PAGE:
A version of this story first appeared in CNN Business’ Before the Bell newsletter. Not a subscriber? You can sign up right here. You can listen to an audio version of the newsletter by clicking the same link.
It wasn’t long ago that Wall Street would have bristled at such grim news out of Netflix: Between April and June, the company lost 970,000 subscribers.
But investors aren’t freaking out about the number of customers bailing from the service. In fact, they’re cheering.
What’s happening: Shares of Netflix
(NFLX) are up more than 6% in premarket trading on Wednesday after the company reported its latest results. The simple reason? It could have been so much worse.
“It was a ‘less-bad news is good news’ quarter,” analysts at Bespoke Investment Group said in a note to clients.
Breaking it down: Netflix had already pushed expectations as low as it could, projecting that it would lose 2 million subscribers last quarter after shedding 200,000 in the first three months of the year. That created room for a positive surprise.
“We’re talking about losing 1 million instead of losing 2 million,” Chairman Reed Hastings said on a call with analysts. “So our excitement is tempered by the less bad results.”
Netflix’s most substantial subscriber loss came from its biggest market, the United States and Canada, where the streamer said it lost 1.3 million users in the second quarter.
That was offset by increased subscriptions elsewhere, a sign the company’s investment in foreign language programming is paying off. The release of the fourth season of the wildly popular show “Stranger Things” also provided a boost.
Looking ahead: Netflix still has work to do to convince investors that it’s on the right track. Its stock is down almost 67% year-to-date. Other tech firms, like Google parent Alphabet and Facebook’s Meta are off 21% and 48%, respectively. The S&P 500 is 17% lower.
That will mean making major changes to the business. Netflix, partnering with Microsoft, is racing to develop a new lower-priced option that will be supported by ads, an attempt to scoop up customers that are watching their wallets as inflation bites. It’s expected to launch early next year.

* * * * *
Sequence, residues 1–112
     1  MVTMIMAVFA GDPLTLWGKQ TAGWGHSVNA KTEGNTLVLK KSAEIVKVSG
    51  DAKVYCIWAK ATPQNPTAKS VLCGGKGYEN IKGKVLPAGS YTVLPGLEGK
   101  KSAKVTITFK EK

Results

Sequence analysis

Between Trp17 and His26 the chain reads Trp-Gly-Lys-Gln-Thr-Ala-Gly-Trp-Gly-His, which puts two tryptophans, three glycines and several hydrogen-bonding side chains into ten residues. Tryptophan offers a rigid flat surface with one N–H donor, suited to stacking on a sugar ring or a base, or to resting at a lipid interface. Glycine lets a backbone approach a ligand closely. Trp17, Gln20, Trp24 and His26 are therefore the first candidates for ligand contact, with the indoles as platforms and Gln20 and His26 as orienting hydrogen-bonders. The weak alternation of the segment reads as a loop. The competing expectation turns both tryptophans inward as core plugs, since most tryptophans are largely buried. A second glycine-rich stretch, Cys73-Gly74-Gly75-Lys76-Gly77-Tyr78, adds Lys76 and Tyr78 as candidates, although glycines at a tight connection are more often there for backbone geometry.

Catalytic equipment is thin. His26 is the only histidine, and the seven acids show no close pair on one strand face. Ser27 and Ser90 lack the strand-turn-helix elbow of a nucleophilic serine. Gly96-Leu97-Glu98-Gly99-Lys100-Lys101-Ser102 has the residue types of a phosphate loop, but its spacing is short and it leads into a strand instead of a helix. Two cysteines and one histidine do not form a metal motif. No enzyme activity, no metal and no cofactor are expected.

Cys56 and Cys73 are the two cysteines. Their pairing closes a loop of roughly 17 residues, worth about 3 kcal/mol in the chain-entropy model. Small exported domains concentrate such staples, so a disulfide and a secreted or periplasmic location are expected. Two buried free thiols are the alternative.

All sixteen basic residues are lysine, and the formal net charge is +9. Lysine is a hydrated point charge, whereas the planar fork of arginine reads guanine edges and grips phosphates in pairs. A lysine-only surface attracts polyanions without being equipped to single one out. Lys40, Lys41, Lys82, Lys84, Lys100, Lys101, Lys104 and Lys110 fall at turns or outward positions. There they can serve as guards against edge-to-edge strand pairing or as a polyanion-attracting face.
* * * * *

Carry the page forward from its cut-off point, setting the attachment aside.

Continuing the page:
It’s also looking at clamping down on password sharing. The company estimated that 100 million households use Netflix but aren’t paying for it directly.
“We know this will be a change for our members,” it told shareholders. “Our goal is to find an easy-to-use paid sharing offering that we believe works for our members and our business that we can roll out in 2023.”
Rich Greenfield, an analyst at LightShed Partners, thinks there’s significant room for Netflix’s pivot to advertising to be a success.
“Netflix’s advertising opportunity is REAL and directly tied to its enormous time spent vs. all other streaming services,” he tweeted.
But engineering this big of a move won’t be easy. Netflix’s entrance into the ad space will be complicated. Competition for viewers among streaming services is tight. And if a large batch of subscribers downgrades to the lower-cost version to save money, it would hurt revenue even as new users sign up.
“We urge caution to the belief that Netflix will be able to use advertising to grow revenue in a vacuum,” Bank of America analysts said in a report published late last month. “The advertising ecosystem is large, complex, costly, and its competitors using ads have a several-year lead on them.”